NASCAR Drivers Weigh In On Next Gen Car Issues Such As Wheels Locking on Short Tracks

by TK Sanders
(Photo by Meg Oliphant/Getty Images)

NASCAR’s Next Gen technology looked great to start the season but sputtered in recent weeks at short tracks. Historically some of the rawest, rugged races of the year, the back-to-back stops at Richmond (3/4-mile) and Martinsville (.526-mile) left many fans wishing for some drama.

Two weeks ago in Virginia, the race lacked almost any memorable moments; instead devolving into a tire strategy chess match with very few lead changes. The lack of cautions (five total, including two-stage breaks), especially, and multiple green-flag pit stops left much of the field disconnected and unable to claw back.

Saturday night at Martinsville, one of NASCAR’s most storied short tracks, delivered much of the same, Motorsport suggested. Just four cautions (two for stage breaks) led to five lead changes and a round of green-flag pit stops. Such a scenario is rare to say the least on a half-mile track.

What’s worse is that every driver seems to have a different theory regarding the calmness of the racing on short tracks. If one primary complaint prevailed amongst all drivers, NASCAR could easily address the problem head-on; now, though, they will need to get creative in order to solve the issue for future races.

“This car, if you’re directly behind them it’s no secret this car is worse in dirty air. If you’re not directly behind them, you’re able to recover better but it seems like the way cars were into the corner and the way the track wasn’t taking rubber, it just made the bottom be the dominant lane,” Joey Logano said. Logano’s No. 22 Ford finished runner-up to winner William Byron, but he never led a single lap.

“You couldn’t move up the race track or do anything to try to pass them. You really just got stuck.”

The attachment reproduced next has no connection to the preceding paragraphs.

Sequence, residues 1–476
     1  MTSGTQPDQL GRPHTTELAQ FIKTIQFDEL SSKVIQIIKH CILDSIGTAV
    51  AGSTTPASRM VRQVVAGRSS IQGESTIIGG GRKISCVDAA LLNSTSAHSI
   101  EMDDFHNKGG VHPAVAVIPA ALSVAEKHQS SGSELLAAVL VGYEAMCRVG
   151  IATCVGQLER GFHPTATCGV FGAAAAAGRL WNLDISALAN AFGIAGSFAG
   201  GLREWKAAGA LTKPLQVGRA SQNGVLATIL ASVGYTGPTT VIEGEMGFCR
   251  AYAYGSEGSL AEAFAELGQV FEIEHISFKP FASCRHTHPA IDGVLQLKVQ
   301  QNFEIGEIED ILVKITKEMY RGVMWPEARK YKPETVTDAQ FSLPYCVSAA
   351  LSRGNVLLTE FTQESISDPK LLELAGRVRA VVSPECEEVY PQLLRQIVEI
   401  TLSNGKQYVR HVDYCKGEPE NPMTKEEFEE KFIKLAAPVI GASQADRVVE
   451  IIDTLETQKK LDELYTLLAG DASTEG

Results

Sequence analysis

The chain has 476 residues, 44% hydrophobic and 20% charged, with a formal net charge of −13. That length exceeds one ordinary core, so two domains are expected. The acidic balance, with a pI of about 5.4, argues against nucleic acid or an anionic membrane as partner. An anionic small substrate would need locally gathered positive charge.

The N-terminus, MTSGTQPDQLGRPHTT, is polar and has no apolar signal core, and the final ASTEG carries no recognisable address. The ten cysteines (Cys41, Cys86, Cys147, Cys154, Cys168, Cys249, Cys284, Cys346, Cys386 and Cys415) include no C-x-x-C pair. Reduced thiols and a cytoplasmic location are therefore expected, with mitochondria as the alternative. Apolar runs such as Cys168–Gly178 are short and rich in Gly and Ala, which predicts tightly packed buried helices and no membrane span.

NASCAR needs to address the drivers’ issues before the Cup Series returns to short tracks later this year

Logano’s Penske teammate, Ryan Blaney, agreed with him about the “dirty air” but also noted the lack of rubber on the track surface during the race.

“The left side (tires) just don’t wear on this car,” he said. “That’s just kind of how it is, so I know they’ve been playing around with softer lefts and things like that, so go for it. I mean, go way softer, especially on the lefts and see where it gets you.”

The race also perplexed NASCAR enthusiasts watching from the tracks’ sidelines. Hendrick Motorsports vice-chairman and Hall of Fame racer Jeff Gordon said he was “surprised” by how the race played out.

“I was talking to all the crew chiefs and kind of getting their thoughts, and I don’t think anybody would have guessed that it would have gone (like that),” Gordon said. “It’s a new car, right, and they’re shifting every lap and it’s easy to lock the left-front tire up, and there’s just a lot of things. I think we all knew it would be deeper in the braking zone, lap times were faster. There wasn’t a lot of (tire) falloff.

“Typically in that situation, you would say, ‘Oh, well then people are going to get more desperate to make these banzai moves and then the cautions are going to come’. Didn’t see any of that.”

Hopefully, NASCAR teams will better understand the technology under short track conditions when the Cup Series returns to Richmond and Martinsville later this fall.